Vice President Mike Pence joined me from my broadcast from the Old Executive Office Building this morning:
HH: Mr. Vice President, an honor to have you, sir. Vice President Mike Pence back live on the Hugh Hewitt Show, great to have you.
MP: Great to be here, Hugh, welcome back to the White House.
HH: It is good to be back in the Old EOB. It’s been a while. In my years, I was down on the first floor with Fred and those gangs, but let’s get serious, Mr. Vice President.
MP: You bet.
HH: Have you had a chance to talk with the President and the Secretary of Defense, yet, about Kurdistan?
MP: We’ve had discussions on an ongoing basis about the progress that we’ve been making in the region. And first and foremost, I think every American should be encouraged that working with Iraqi forces, working with the Peshmerga in the Kurdish region, that ISIS is on the run. We are very close to achieving the objective that President Trump set out in the campaign last year, which was to crush ISIS and completely eliminate their capacity to threaten people of this country, to threaten our allies in the region. And we couldn’t be more proud of the American soldier in the field and all of our allies.
HH: Even as we succeed against ISIS…
HH: We see Iran’s General Soleimani in Kirkuk over the weekend. Has the United States guaranteed the autonomy of Kurdistan?
MP: Well, as you know, the United States took a strong position against the recent referendum that took place in the Kurdish region. We cherish our relationship with President Barzani. We cherish our relationship with the Kurdish people. They are great fighters, great allies. But as the President said yesterday, we’re going to continue to work with Iraqi forces and Kurdish forces to resolve the issues and differences that they have peaceably and move forward together.
HH: I know he refused to take a side, the President did yesterday…
HH: And you were against independence referendum, but Kurds are our friends. The President told me that personally…
MP: Are great friends.
HH: Are great friends. So they will remain autonomous in your view, Vice President Pence?
MP: Well, as you know, the debate over the territorial integrity of Iraq has been going on a long time.
MP: No one’s a better expert on that than you, Hugh. But we want to see, we want to see these issues resolved, and we’ll continue to work with diplomatic means and through various, all of our very strong military relationships to resolve these issues peaceably. But the American people should be most encouraged with the progress that our soldiers working with the Peshmerga in the Kurdish region, working with Iraqi soldiers, have made in literally running ISIS out of existence. There’s still more work to be done. There’s encouraging news this morning from Raqqa, but President Trump set one objective in that region, and that was to hunt down and destroy ISIS. And I couldn’t be more proud of the American soldiers in the region, couldn’t be more proud of our allies in the region, that we’re very close to achieving that objective.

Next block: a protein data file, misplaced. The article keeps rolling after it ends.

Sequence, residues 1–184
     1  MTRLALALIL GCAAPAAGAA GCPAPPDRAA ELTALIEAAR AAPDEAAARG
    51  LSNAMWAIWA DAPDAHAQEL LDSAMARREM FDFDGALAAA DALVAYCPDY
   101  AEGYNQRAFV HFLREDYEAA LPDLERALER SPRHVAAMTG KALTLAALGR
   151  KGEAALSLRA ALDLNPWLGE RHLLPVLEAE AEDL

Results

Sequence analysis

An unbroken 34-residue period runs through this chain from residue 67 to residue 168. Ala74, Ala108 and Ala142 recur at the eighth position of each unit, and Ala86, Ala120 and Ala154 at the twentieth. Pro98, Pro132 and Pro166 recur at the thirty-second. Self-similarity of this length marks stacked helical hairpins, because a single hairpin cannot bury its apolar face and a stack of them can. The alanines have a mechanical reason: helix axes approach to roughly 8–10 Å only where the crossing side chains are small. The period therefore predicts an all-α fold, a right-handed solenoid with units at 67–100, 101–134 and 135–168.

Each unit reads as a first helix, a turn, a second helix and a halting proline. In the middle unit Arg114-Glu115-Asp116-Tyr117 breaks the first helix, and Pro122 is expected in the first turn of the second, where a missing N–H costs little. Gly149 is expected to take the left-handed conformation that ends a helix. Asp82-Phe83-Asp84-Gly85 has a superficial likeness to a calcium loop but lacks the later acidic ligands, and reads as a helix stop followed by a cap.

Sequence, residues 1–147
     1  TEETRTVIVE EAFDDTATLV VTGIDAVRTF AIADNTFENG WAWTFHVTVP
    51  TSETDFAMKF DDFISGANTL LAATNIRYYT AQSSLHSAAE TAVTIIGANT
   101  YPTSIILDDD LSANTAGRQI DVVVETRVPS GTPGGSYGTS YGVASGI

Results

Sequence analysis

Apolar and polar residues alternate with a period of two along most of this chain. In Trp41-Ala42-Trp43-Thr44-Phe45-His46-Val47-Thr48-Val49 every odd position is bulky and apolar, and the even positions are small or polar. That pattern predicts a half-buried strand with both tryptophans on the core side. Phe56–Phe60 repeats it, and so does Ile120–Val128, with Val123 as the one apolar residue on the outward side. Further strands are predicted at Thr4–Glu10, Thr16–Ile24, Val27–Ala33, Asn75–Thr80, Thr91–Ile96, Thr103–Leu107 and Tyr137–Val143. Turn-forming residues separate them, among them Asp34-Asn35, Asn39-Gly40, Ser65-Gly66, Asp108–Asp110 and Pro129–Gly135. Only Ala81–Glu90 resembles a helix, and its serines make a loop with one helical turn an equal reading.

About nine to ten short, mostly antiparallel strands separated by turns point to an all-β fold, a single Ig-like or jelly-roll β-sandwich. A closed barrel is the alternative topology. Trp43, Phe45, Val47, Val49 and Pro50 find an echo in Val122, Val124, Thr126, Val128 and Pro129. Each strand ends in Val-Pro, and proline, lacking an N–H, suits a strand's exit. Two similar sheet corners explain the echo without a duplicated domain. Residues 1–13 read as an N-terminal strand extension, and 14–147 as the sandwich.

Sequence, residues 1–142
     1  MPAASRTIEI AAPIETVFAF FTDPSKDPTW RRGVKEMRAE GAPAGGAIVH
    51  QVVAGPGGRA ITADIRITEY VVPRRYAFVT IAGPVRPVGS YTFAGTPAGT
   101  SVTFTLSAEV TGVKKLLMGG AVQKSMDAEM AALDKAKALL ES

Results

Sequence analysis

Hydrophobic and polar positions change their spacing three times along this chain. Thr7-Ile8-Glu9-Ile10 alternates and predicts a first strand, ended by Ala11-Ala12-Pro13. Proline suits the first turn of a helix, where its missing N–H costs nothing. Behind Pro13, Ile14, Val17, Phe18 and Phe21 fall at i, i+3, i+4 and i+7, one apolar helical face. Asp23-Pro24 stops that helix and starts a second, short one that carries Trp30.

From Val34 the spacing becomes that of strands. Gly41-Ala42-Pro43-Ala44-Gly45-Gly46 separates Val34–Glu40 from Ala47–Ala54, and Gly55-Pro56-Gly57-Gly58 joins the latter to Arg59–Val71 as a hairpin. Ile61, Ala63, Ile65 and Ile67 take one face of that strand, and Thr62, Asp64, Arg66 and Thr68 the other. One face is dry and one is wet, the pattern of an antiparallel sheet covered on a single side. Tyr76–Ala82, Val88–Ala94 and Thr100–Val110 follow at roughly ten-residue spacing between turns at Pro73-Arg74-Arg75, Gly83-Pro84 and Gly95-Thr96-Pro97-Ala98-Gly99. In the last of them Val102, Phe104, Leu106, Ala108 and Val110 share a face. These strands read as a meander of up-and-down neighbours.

HH: Yeah, whenever ISIS or a branch of Islamist extremism strikes anywhere in the world, as it did in Somalia earlier this week to great and terrible effect, the American media says why hasn’t President Trump issued an expression of condolence. Actually, you could be doing that every single day. What do you make of the media’s sort of sudden turn every story has to be about your boss?
MP: About what?
HH: About the President. Every story becomes about the President, and no matter what it is. It becomes about the President.
MP: Well, to some extent, in the modern era, it kind of comes with the territory. And fortunately, we have in President Donald Trump a leader that has the strength of will and the broad shoulders to be able to endure it and to stay focused on the mission. You know, America is standing tall in the world once again. And I mean, the progress that we have made, and you’re a great expert on foreign policy, Hugh, the progress that we’ve made on the world stage, I think, is tantamount to nothing short of we once again have a president who stands without apology as leader of the free world. We see NATO stepping up doing more for our common defense than they’ve ever done. I met yesterday in this room with the deputy prime minister of Japan as we’re moving forward on an economic dialogue. But we also talked about the fact that with Japan, with South Korea, and even with China, we’re isolating that rogue regime in North Korea, economically and diplomatically, in ways that they’ve never been isolated before, more pressure being brought to bear. My recent trip to Latin America, I heard one leader after another expressing support for America’s commitment to this hemisphere, to expanding the strength of emergent democracies and free market economies. I mean, America is leading again. And what the message we’ve made clear on the President’s behalf is America first doesn’t mean America alone. But it means America leading in the world.
HH: Vice President Pence, let’s turn to your job at the Senate. You are the president of the Senate by dictate of the Constitution. If Senator Menendez is convicted, should the Senate move quickly to expel him?
MP: I think that’ll be a decision for members of the Senate. But having a convicted felon in the United States Senate, I think, would be altogether inappropriate and wrong. And, but I want to be respectful of the processes and the traditions of the institution. But you know, our focus right now in the Senate and in the House is on the kind of tax cuts and tax reform that are going to continue the tremendous momentum that we see in this economy, Hugh. I mean, I remember during the campaign when President Trump said that we could get back north of 3% after spending eight years below 2% in economic growth, that that was unrealistic. Well, we posted more than 3% growth in the second quarter based just on what we’ve been able to do rolling back red tape and on the confidence and optimism of American businesses large and small. But we put tax cuts on that, we let Americans keep more of what they earn, we allow American businesses to be more competitive by cutting our 35% corporate tax rate down to 20%, you’re going to see this economy take off and that continues to be our focus.